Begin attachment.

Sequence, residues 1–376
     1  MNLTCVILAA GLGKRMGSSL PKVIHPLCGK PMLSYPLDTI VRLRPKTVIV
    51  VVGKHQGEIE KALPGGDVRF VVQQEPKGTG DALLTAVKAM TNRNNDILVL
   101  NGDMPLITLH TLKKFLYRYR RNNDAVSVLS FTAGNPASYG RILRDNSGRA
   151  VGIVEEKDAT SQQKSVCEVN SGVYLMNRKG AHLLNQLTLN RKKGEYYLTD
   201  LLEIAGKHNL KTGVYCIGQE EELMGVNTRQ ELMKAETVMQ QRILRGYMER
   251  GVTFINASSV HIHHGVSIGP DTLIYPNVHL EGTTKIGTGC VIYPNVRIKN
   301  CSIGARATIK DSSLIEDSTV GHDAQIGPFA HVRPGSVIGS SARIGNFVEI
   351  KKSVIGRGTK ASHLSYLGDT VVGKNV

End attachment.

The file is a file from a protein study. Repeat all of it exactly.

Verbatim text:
Sequence, residues 1–376
     1  MNLTCVILAA GLGKRMGSSL PKVIHPLCGK PMLSYPLDTI VRLRPKTVIV
    51  VVGKHQGEIE KALPGGDVRF VVQQEPKGTG DALLTAVKAM TNRNNDILVL
   101  NGDMPLITLH TLKKFLYRYR RNNDAVSVLS FTAGNPASYG RILRDNSGRA
   151  VGIVEEKDAT SQQKSVCEVN SGVYLMNRKG AHLLNQLTLN RKKGEYYLTD
   201  LLEIAGKHNL KTGVYCIGQE EELMGVNTRQ ELMKAETVMQ QRILRGYMER
   251  GVTFINASSV HIHHGVSIGP DTLIYPNVHL EGTTKIGTGC VIYPNVRIKN
   301  CSIGARATIK DSSLIEDSTV GHDAQIGPFA HVRPGSVIGS SARIGNFVEI
   351  KKSVIGRGTK ASHLSYLGDT VVGKNV